As I See It
A Fond Farewell To My Four-Legged Friend
By Jill Chapin
Jan 8, 2006 - 6:04:00 PM

 

I recently put down our fifteen year-old dog. This is a sanitized way of saying that my husband and I ended Madison's life. For those of you who ever had to part with a beloved pet this way, you can commiserate with my kaleidoscope of emotions, vacillating between feeling like a savior one moment and an executioner the next.

We adopted Madison from our neighbors when she was four years old and they found her too rambunctious for their hectic lives. They invited us over to meet her in the hopes that she would win our hearts, and it was love at first sight. Maybe that was because Madison felt the same way about virtually everyone. She instantly fell hard for whomever would give her a friendly pat or a scratch.

And so, she left her first home without so much as a backward glance, wagging her tail as we ambled on down the street to her new abode. But I had no illusions about her newfound attachment to me; she would have moved in with anyone she deemed safe and friendly.

At first she was a fast-moving ball of white fluff zooming from room to room, such was her excitement in checking out her new digs. But as we showered her with attention, she soon settled down into our household's rhythm. Her running rampages were simply exuberant expressions of joy, and I could sense in her playful eyes that she was telling us, "Don't worry, I won't break anything. I'm just happy!"

Madison was smart. Or at least from my anthropomorphic view, I thought she was a genius. Whenever we went walking, she would prance merrily along, looking straight ahead. But if we should pass by her first home, she would look up and make her way jauntily to their front door.

Even more brilliant, she would often gaze contentedly out our front window, where sometimes she would suddenly bark rapturously. I came to realize that whenever she did this, she was simply saying hello to her former owner who would occasionally jog by our house.

What a grand disposition our little Bichon displayed-- never would she snap at anyone, always a willing partner in a cuddle hug. We used to travel with her because she was part of our family. But she grew older and so did we. It became more difficult for us to carry her with us, and so we began boarding her when we traveled, which became almost monthly this past year.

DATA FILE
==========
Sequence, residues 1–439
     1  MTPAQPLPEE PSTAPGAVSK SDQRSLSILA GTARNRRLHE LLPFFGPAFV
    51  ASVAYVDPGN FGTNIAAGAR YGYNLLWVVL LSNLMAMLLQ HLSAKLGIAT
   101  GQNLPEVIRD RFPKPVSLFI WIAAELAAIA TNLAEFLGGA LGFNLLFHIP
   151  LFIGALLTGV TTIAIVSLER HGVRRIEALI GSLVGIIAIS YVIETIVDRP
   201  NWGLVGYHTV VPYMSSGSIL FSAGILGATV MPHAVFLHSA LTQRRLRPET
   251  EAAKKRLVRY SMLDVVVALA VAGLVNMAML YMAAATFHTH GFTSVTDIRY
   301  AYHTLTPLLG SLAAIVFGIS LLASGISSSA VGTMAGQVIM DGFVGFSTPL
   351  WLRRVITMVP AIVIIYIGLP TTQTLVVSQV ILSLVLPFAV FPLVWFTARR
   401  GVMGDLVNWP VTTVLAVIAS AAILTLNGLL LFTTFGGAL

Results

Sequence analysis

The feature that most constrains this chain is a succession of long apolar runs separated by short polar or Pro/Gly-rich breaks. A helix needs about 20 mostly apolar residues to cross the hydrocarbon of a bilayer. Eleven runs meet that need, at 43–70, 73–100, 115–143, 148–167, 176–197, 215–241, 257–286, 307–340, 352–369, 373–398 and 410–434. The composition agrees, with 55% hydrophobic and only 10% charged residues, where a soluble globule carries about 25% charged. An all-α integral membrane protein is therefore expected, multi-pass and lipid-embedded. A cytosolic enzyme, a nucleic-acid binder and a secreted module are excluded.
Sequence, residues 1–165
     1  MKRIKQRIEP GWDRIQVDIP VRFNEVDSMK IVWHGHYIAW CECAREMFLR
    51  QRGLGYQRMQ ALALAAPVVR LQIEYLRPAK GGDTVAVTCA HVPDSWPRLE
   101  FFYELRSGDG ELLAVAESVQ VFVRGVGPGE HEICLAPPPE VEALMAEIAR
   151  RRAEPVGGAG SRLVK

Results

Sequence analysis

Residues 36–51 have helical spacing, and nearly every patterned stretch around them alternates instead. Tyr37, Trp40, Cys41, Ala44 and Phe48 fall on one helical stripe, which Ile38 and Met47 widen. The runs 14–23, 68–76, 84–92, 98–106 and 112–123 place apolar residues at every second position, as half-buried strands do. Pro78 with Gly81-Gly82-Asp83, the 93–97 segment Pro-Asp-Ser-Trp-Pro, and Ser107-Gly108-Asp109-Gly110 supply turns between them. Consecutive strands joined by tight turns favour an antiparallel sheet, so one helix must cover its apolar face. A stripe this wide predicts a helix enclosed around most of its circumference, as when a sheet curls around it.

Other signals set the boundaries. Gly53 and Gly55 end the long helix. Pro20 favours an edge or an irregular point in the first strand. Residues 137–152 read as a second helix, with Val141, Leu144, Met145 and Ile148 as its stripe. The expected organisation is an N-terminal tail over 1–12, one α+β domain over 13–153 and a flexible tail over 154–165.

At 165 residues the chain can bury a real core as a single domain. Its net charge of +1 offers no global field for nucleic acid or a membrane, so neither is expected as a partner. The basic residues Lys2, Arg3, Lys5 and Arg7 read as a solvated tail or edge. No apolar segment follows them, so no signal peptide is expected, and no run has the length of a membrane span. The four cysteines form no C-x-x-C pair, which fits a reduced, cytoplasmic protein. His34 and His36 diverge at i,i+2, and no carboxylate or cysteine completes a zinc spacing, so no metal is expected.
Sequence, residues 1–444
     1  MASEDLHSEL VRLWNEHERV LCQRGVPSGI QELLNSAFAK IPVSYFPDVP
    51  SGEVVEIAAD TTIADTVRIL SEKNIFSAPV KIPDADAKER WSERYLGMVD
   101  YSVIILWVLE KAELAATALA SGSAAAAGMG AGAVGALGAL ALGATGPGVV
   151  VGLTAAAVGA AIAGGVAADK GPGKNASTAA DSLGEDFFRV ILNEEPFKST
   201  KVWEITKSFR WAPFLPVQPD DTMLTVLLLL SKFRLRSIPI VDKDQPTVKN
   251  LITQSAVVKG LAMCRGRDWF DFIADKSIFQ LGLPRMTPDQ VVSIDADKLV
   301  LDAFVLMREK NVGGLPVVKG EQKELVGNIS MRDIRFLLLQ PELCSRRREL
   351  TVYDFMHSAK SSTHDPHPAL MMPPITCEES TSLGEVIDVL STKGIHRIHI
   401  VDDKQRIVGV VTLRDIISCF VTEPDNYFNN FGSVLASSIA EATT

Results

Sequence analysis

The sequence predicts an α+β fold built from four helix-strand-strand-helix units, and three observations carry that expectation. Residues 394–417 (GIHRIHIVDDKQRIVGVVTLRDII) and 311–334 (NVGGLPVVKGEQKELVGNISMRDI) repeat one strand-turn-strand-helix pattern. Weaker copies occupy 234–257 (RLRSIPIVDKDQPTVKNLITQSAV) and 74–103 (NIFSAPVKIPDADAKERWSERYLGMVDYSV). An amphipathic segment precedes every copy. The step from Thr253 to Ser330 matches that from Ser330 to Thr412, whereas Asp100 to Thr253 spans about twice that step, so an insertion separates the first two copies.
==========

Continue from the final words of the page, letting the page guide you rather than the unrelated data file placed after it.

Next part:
She also needed meds, a special diet, and for much of the year she wore an Elizabethan collar to prevent her from biting her itchy skin.

She coped with all of the indignities of aging with a disposition that would shame us mere humans. Once, when I collected her from her boarding facility, the owner remarked, "Madison has a sassy way about her. She struts around as if to say, 'I'm not old!'"

But old she was. Infirmity crept up on her, but we were reluctant to acknowledge it. For years we had witnessed a slow but steady decline. Then suddenly last month, we came to realize that Madison wasn't just aging; she was dying.

It began with her increasing disorientation. Although pretty much deaf and blind for several years, she could still navigate around her familiar surroundings. But recently she began bumping into places where she had never before ventured.

And then she began to have accidents, simply could not control her bodily functions, but all of this we attributed to the natural aging process. It was her sudden disinterest in food when I came to grips that her behavior was not only attributable to her getting on in years. She was getting ready to leave us.

When she deteriorated to the point of labored breathing and lying on her side for over 23 hours a day, I knew it was up to us to do what every pet hopes their loving owners will do - put her to rest peacefully before a painful ending claims her first.

One last blood test to see if a remedy could "cure" her proved fruitless. We declined the further expense of x-rays because we were advised that they would probably reveal tumors, and we were not prepared to perform heroic but ultimately futile attempts to delay the inevitable.

Enough. It was time to say goodbye. We held and kissed her one last time and said farewell to one of nature's most innocent creations.

Our friends recall how we had lately remarked how over we were with being pet owners. The expense of boarding her, medicating and cleaning up after her, being tethered to our home to feed her and let her outside, the deterioration of our carpet - this was all true. With candor and good humor, we had many a rueful laugh over how my husband could not afford to retire until the dog died.

But beneath our curmudgeonly complaining, we were acutely aware that although life without Madison would certainly be less complicated, we would sorely miss the uncomplicated affection of that loving and lovable dog. She made me feel both guilty for having complained, and so grateful for her companionship.

Goodbye, Maddie. For all the times I may have been less than patient, I owe you this tribute. Of the two of us, you were the far better example of pure, unconditional love.

 

 

 

 

 



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